Have a great day folks. Jai Hind!

  2. G.Sudesh Kumar

    Hi I was looking for someone in J. Rameswara Rao’s to whom I can send a copy of my book. The book has references to Wanaparthy royal family and the records of their visits to Sri Parakala Mutt, Mysore. a Sri Vasihnava Matham and they were staunch followers of the Jeers of the mutt. I was also raised in Wanaparthy and have seen J Rameswara Rao during Vijaya dashami celebrations during 1960s

  3. Sunil Reddy (+91) 8390742299

    Stumbled upon this story, while my dad was speaking of his childhood memories with Raja Rameswara Rao 3.

    A few additions from my dad’s memories (he is now 81 and was a student of Wanaparthy Polytechnic.

    1. The current Polytechnic building, spread over 18 acres of campus, was The Royal Family’s contribution to the Education sector (1959). Originally intended to be an Engineering college, had to be established as a Polytechnic because of Central controls over the number of colleges.

    2. The other Polytechnic in the district (Mahabub Nagar Polytechnic), when approved, did not have any infrastructure in place. In order to ensure that the permissions aren’t reverted, The Royal Family’s liquor making facilities in Mahabub Nagar were turned into the initial buildings for the Govt Polytechnic of Mahabub Nagar.

    3. Janam Pet & Kesham Pet villages that we come across on Hyderabad-Bangalore highway, are named after the Jaanamma & Keshavamma of the Royal Family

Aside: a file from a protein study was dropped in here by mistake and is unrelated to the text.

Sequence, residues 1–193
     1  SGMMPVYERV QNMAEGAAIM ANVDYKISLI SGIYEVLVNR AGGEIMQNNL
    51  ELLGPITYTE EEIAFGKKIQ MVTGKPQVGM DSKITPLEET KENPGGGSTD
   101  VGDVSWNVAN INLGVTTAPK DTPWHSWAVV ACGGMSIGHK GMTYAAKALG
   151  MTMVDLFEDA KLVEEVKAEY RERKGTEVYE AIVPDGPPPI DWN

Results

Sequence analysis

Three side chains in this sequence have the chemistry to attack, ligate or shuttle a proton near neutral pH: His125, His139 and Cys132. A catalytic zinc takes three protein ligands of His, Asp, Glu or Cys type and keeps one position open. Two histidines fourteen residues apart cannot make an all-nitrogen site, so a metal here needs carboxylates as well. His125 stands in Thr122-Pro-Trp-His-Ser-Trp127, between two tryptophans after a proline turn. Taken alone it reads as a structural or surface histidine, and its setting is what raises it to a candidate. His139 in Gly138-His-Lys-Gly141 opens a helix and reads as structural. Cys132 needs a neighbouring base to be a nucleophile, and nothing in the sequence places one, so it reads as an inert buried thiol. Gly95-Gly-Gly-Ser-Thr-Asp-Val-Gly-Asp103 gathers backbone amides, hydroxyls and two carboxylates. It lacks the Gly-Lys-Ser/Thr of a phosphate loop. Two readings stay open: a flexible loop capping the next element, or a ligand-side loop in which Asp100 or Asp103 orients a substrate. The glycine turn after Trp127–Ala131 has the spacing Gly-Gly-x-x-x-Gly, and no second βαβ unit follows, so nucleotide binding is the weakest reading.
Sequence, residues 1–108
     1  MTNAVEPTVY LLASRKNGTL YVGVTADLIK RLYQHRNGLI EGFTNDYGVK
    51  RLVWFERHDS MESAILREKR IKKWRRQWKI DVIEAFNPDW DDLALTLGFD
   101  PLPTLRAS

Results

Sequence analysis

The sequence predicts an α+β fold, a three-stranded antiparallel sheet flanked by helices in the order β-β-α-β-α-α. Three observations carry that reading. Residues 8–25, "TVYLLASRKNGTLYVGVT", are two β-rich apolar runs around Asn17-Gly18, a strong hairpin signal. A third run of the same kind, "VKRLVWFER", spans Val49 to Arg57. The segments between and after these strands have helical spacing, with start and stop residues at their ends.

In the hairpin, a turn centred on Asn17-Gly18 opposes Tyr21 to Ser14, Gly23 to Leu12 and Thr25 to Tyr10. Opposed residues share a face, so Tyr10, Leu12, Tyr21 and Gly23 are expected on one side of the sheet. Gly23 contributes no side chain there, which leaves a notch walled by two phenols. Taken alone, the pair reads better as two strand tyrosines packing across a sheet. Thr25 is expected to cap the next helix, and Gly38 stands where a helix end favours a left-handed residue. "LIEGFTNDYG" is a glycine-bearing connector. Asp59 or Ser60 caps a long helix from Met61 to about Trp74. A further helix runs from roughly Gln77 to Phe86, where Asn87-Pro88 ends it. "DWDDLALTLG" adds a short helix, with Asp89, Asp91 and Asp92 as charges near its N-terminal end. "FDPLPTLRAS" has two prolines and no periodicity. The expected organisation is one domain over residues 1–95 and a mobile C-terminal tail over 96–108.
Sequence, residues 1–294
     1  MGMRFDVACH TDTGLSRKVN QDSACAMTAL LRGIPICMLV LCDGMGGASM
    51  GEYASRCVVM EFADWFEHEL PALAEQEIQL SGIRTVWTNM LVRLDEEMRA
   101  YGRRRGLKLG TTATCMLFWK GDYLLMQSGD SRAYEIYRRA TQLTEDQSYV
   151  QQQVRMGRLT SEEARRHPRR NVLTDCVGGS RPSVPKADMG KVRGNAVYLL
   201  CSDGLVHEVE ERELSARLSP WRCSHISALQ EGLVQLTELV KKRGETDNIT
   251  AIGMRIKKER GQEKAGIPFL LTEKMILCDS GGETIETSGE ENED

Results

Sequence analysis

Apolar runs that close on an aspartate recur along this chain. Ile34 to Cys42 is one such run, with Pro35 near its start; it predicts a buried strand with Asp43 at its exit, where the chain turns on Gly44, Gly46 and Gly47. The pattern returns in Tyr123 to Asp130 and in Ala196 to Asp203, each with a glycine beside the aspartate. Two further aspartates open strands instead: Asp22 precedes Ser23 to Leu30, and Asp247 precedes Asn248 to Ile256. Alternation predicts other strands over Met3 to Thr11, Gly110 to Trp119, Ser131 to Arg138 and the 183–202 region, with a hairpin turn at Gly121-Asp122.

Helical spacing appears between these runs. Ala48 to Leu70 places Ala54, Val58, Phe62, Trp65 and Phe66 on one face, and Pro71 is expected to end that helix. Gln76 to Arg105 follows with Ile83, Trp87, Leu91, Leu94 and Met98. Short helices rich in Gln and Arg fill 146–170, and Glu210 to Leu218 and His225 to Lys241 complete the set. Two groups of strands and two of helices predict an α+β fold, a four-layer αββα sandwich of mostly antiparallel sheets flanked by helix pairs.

4. Vikrant Theatre near Mokam Jahi Market & Jam Bagh properties belonged to the Royal Family (Raja Ram Dev Rao, if I heard it correctly).

    5. Raja Saheb’s love for his wife was widely spoken back in the day. He fell in love with (Rani) Shanta, a Brahmin girl, who was his co-student while studying in Madras.

    When Raja saheb left for the UK for higher studies, Rajamata Sarala Devi ensued that Shanta ji was married to someone else in Raja Saheb’s absence.

    Raja Saheb, upon hearing the news, came back, got her divorced and married her.

    That was nothing less than the Arjun Reddy movie of the current day Tollywood.

    (With utmost respect to everyone in the episode, my dad thinks everyone did his/her duty rightly, from the RajMaatha Sarala Devi to the Raja Saheb Rameswar Rao 3)

  4. Sachin Feshpande

    Proud to see, a great family had contributed many things to man kind. I was astonished to see the temple at Srirangapuram and collection of Ravivarma paintings.. Incredible India..


    Hi I’m from kothakota it’s a great idea to have a museum in wanaparthy hope it happens
    I’m curious to know more about wanaparthy samasthanam if u have know any articles, books, websites please feel free to send to

  6. Vinod

    iam from wanaparthy…Tq for the information of wanaparthy kingdom…

  7. admin

    Thanks so much for the feedback. Indeed it cannot be satisfying, The website is not manually or precisely translated but is using google translate.

  8. Anuradha

    Raja Rameshwar Rao bought over Orient Longman ( currently Longman Green ) from the British after India’s independence. His descendants run the company today…

  9. Kerry Edwards

    Great to read of the Raja of Wanaparthy, especially the association with St George’s Grammar School where my family were students and educators for over 150 years.I am sure my uncles and father would have known the family and studied with them. Those were the great old days of the Nizam’s Dominions!

    1. hemanth

      I am from Wanaparthy and living in USA last 25 years and accidentally stepped on this page. Nice to know the history of Wanaparthy erstwhile rulers. It will be nice to create a museum in Wanaparthy town depicting the history and also keep the legacy by donating for a social cause in town as the family is rich enough to do both that might help the town now and also its people forver remember the family that took care of the town in the past